• Enterprise architects who ensure organizational design standards are implemented and acted on during delivery.
  • Product owners who write and prioritize user stories for the development teams, based on business unit requirements.
  • Project managers who track the progress of feature sets against the product roadmap and manage the dashboard/product delivery metrics.

The technology level, as well, has several key stakeholders:

  • The agile delivery team, consisting of a software delivery manager, software engineering team and a test engineering component.
  • A scrum master who tracks the progress of development against the sprint roadmap/plan and manages agile dashboards and technical delivery metrics.
  • The technical or solution architect who coordinates with the enterprise architect to develop designs that align with the enterprise architecture design.
  • The site reliability engineering team.

Plan Out the Tools and Processes You Are Going to Use

Establishing tool standards for application development ensures that development teams are not implementing toolsets in silos which have not been vetted by the technology organization. Tool standards also ensure there is broader organizational knowledge of the toolset as subject matter expertise is spread throughout the technology groups. Be sure to decide on these tool standards before the application delivery piece is done.

The technology organization level includes three basic components, starting with infrastructure. To set up this component, organizations need to answer a series of basic questions. Are you cloud native, on-premises or hybrid? If you are going to go all cloud, what cloud, and under which criteria will you select a cloud vendor? What are the scenarios that would make you choose PaaS, SaaS or IaaS? If you are making a commitment to infrastructure as code (IaC), will you use a tool such as Terraform, or cloud native tools such as AWS CloudFormation?

App delivery principals need to: decide which languages are used for development and why; define a “done” development as one that has been thoroughly tested and is ready for release; and consider the adoption of Twelve-Factor App methodology. They need to look at production pipelines (what is manual versus automated?), and, if they are making a commitment to DevOps, decide whether that means standardizing on CI/CD. What tools will they use to track the development/testing tasks and bugs? And how will requirements be tracked, maintained and groomed?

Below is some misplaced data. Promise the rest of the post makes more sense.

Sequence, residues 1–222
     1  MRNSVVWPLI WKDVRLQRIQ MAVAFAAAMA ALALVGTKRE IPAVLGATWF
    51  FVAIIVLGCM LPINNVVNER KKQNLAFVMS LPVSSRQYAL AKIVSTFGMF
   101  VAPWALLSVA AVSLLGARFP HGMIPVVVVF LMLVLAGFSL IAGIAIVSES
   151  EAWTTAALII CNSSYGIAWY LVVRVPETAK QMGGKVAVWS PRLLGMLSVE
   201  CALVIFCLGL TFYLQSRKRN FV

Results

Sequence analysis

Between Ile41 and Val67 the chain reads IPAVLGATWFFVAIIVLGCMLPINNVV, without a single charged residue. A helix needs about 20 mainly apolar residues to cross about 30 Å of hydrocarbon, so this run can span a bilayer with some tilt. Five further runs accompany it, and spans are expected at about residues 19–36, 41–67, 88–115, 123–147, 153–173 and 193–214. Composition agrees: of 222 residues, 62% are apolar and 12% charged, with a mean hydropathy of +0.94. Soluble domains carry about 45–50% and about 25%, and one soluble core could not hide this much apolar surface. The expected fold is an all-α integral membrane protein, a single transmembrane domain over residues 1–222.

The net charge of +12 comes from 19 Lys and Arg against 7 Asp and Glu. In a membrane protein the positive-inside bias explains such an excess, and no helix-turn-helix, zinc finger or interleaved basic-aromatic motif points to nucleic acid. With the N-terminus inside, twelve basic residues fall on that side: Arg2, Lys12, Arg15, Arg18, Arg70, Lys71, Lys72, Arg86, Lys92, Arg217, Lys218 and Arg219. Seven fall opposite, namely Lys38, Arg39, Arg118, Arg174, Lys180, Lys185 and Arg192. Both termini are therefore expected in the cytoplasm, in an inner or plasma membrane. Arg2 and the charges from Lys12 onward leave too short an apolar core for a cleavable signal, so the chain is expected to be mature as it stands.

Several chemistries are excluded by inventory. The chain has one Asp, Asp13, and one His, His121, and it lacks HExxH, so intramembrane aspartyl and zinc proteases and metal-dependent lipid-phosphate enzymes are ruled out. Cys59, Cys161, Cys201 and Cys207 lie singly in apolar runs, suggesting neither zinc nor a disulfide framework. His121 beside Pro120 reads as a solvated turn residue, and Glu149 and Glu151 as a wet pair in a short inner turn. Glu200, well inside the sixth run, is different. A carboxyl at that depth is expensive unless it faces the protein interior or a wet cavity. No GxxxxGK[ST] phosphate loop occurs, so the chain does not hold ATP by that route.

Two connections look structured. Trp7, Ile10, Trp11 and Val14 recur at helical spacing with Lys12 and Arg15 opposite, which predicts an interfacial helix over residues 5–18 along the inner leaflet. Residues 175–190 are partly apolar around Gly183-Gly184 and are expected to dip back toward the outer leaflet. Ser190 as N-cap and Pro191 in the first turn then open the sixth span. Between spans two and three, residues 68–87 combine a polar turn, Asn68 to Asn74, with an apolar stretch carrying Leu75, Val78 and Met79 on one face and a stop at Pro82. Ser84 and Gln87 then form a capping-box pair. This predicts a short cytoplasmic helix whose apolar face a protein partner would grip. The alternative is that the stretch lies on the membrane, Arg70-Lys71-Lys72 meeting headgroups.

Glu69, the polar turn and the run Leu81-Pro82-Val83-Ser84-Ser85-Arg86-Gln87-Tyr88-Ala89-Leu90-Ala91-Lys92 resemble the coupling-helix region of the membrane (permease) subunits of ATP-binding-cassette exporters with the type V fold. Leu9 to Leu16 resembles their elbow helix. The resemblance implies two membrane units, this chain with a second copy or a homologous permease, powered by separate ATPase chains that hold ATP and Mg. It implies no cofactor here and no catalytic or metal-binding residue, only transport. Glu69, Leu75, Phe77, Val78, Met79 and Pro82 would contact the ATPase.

For planning roadmap standards, issues to consider include: defining stakeholder communication and engagement intervals; scheduling production and deployment rehearsals before release to simulate go live; iterative delivery milestones where customers can “touch” the product feature sets as they are built; and internal end-to-end testing before customer end-to-end testing and full product go live.

Identify Your Operational and Maintenance Plan

Start with the end in mind. In addition to customer satisfaction, the end to strive for should be a product that is easily maintained in an operational environment. Do not reinvent the wheel about how you are going to transition into operation. There should be a transition plan to use for every application delivery, which can then be tweaked for particular projects. For example, before runbooks are created, and well before the product is live, application ownership for production and maintenance should be established. The operational readiness plan should include security standards and ensure that alerting and monitoring standards are established and incorporated as tasks in epics that are completed during development, not after. There should be requirements to test operational tools prior to their release as milestones in the development plan. And documentation should be in place, establishing standards for knowledge transfer and tracking tools/update cycles.


Proper planning, as described in this article, for a product’s first contact starts well before the project is budgeted. Application development standards should be part of any technology organization’s strategy. This is not about risk removal, but rather risk reduction. Though technology plans may not survive first contact, they will give organizations clarity and at least reduce the number of fires that could be raging at any given time.

Published on December 11, 2019

Starr Corbin is the Founding Partner of Corbin Solutions Group. Follow her on LinkedIn and Twitter @StarrCorbin.